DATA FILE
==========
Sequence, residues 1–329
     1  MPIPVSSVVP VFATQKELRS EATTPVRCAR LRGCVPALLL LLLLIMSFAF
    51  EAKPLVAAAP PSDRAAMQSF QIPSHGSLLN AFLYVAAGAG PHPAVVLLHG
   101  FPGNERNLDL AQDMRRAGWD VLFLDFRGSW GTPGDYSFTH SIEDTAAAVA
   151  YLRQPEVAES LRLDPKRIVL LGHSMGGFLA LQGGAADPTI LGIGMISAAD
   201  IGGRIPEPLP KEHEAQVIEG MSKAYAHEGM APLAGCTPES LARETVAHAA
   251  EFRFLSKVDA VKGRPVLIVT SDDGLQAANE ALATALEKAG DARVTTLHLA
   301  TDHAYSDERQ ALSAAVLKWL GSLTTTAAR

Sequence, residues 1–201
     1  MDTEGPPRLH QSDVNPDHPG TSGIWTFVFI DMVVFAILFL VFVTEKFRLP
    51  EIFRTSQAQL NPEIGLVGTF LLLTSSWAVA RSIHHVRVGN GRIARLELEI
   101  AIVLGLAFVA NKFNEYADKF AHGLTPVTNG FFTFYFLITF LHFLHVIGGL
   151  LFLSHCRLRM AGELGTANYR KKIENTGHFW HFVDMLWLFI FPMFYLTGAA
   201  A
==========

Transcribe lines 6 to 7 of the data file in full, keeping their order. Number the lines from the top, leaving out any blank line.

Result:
   201  IGGRIPEPLP KEHEAQVIEG MSKAYAHEGM APLAGCTPES LARETVAHAA
   251  EFRFLSKVDA VKGRPVLIVT SDDGLQAANE ALATALEKAG DARVTTLHLA